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November 01, 2006

Cousin Marriage in the MidEast

Michael Blowhard writes:

Dear Blowhards --

Steve Sailer has done heroic work alerting us to the fact that many marriages in the mideast are between close relatives. His sensible political point is that it's nuts to expect such a region to behave like a collection of modern, bureaucratic states, and far more realistic to expect quarrelsome tribal behavior from these people instead.

Today Steve links to a WashPost article from 2000 about the marriage situation in Saudi Arabia, and reproduces a chart showing how common close-relative marriages are in the region. They're very common, in fact. 57.9% of marriages in Iraq are between what Westerners would consider close relatives!



posted by Michael at November 1, 2006


This also relates to the difficulty in promoting loyalty to the ideals of a state versus loyalty to one's clan or tribe.

Posted by: beloml on November 1, 2006 1:18 PM

I've often thought that the "honor killing" phenomenon is somewhat related to this as well. If it is likely that your daughter will end up marrying your brother's kid, then her dating some guy is preemptively cuckolding a member of your family.

Posted by: chris on November 1, 2006 3:03 PM

Well, gosh, this might explain an awful lot about the development of societies in the middle east...the inbreeding thing not being the best evolutionary tool.

Posted by: annette on November 1, 2006 4:20 PM

I don't have anything against Saudi Arabian guys, but would you want their sisters to marry one?

Posted by: Rick Darby on November 1, 2006 5:49 PM

Not only in the Mid-East, but among immigrants from these parts in Western Europe as well. Brides are often especially imported. Which leads those couples them being prone to far more genetical disorders/hereditary diseases than the other population.

Posted by: ijsbrand on November 1, 2006 6:28 PM

Since I often disagree with Sailer, I will take this opportunity to say that he is absolutely right to point this out as a critically important fact to understand these socieities. They cannot form a civil society along western lines if they cannot allow individual choice in private matters like marriage decisions. There are no privagte matters in these societies. There are only networks of relatives who play zero sum games. No civil society, no citizenship, no trust of non-kin. None of the foundations of the West. If you want to understand where our society gets its dynamism, look at marriage practices. See in particular Alan Macfarlane Marriage and Love in England, 1300-1840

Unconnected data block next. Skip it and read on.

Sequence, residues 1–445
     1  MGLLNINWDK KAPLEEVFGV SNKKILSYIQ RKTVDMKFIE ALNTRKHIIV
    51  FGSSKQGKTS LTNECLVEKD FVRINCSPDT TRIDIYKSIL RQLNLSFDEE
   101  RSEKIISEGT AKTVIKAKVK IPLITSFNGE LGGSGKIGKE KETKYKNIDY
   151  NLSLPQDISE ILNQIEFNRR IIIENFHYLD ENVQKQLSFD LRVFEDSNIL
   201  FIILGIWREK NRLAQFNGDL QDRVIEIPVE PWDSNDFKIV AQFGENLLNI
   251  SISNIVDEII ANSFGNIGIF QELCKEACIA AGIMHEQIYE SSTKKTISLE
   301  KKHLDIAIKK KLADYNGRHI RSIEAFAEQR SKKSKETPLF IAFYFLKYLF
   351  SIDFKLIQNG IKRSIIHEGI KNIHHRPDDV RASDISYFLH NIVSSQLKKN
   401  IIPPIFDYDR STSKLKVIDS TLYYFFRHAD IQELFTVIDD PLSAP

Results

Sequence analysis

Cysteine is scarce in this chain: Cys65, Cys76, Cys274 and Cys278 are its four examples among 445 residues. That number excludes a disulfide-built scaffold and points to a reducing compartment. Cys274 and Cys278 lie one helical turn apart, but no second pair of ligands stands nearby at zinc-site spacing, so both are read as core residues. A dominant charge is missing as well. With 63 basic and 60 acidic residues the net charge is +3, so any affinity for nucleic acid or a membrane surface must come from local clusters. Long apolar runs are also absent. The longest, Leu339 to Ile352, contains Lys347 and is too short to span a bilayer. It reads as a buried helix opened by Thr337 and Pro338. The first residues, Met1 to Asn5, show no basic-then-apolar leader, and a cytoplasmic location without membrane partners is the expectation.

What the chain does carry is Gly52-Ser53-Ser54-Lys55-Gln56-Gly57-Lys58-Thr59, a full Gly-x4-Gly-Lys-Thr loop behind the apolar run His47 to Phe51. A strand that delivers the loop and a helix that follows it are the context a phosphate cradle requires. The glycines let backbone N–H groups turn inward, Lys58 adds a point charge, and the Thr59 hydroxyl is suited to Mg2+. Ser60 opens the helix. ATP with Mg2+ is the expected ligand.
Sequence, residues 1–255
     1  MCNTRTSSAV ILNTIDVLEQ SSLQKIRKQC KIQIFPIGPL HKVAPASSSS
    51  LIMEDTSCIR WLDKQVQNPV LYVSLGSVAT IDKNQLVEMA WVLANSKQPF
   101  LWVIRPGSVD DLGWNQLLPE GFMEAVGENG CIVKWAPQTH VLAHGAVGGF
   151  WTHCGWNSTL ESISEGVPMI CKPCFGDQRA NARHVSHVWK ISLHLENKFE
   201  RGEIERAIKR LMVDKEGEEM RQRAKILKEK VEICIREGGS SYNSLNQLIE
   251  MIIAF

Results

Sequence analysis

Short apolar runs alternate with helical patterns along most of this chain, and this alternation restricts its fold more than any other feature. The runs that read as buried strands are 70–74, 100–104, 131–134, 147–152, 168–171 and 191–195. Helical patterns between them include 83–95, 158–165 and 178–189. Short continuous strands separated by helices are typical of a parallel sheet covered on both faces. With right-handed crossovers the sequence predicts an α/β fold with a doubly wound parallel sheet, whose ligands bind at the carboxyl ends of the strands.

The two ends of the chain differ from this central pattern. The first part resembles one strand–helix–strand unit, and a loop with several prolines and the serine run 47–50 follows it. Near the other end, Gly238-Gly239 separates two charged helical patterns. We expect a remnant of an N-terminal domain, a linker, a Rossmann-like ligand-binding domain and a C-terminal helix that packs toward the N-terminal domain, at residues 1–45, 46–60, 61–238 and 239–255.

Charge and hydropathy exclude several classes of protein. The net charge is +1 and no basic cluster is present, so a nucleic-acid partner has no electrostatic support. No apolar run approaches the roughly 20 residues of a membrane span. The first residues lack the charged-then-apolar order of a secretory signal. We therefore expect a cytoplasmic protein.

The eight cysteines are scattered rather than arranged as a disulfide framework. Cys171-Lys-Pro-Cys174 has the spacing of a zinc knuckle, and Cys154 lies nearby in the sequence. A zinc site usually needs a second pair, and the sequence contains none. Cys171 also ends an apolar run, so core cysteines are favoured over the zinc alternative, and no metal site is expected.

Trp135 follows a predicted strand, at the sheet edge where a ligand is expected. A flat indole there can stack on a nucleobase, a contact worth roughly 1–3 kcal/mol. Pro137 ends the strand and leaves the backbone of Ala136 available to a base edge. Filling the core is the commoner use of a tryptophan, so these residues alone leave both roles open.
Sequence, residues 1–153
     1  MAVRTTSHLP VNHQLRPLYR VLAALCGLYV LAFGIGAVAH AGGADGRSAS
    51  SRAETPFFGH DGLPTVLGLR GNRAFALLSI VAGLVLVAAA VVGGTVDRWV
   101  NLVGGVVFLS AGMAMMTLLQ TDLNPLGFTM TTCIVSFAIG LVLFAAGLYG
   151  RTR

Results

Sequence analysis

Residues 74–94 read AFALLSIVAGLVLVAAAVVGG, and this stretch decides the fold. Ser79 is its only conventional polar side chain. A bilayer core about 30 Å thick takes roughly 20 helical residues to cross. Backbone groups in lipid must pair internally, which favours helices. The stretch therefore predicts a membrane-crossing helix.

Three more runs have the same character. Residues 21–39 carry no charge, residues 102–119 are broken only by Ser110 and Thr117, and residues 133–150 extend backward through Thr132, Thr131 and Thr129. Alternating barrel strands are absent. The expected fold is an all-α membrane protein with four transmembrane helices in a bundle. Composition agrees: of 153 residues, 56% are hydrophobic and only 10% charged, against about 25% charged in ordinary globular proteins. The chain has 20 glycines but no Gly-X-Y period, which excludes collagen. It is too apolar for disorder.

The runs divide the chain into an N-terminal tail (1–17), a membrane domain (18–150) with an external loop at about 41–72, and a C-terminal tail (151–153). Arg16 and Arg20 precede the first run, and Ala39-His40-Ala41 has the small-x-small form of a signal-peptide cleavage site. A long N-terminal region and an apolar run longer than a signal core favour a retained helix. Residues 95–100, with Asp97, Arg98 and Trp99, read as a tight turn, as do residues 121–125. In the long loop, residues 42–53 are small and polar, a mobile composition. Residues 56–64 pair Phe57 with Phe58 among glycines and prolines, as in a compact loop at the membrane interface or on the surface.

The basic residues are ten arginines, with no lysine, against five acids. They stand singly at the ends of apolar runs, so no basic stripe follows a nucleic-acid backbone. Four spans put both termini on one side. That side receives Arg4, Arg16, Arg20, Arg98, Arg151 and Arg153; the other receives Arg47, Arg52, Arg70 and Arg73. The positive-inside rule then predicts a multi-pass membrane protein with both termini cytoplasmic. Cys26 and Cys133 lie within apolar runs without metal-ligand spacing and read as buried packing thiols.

Posted by: Lexington Green on November 1, 2006 11:17 PM

Ummm... this is something all anthropologists and many sociologists have known forever; it's intrinsic to what is meant by clan society. For those of us who pride ourselves on stoutly exogamous NW-European origins, it was true until just a few centuries ago (an eyeblink in genetic terms); it was an inescapable concomitant of life in agricultural villages. So the big news is...? The deep sociobiological implications are..?

Posted by: Monte Davis on November 2, 2006 9:08 AM

Also very true in Iran, I can tell you via (unsuccessful) attempts to understand my wife's family tree. It's a very common situation to be able to establish more than one accurate description of a distant family member's relationship to you: "Well, if you come around through my mother's side, then they're. . ."

Posted by: Derek Lowe on November 2, 2006 12:54 PM

Why is it, anyway, that we have such a bias against first cousin-marriage in our society? It doesn't come from Scripture (not anywhere in the prohibited-relations list in Leviticus), and according to a study reported a few years back in the New England Journal of Medicine, offspring from marriages of first cousins don't show an increased tendency towards retardation, or other mental or physical genetic defects, so why the bias?

Posted by: anon on November 3, 2006 11:02 PM

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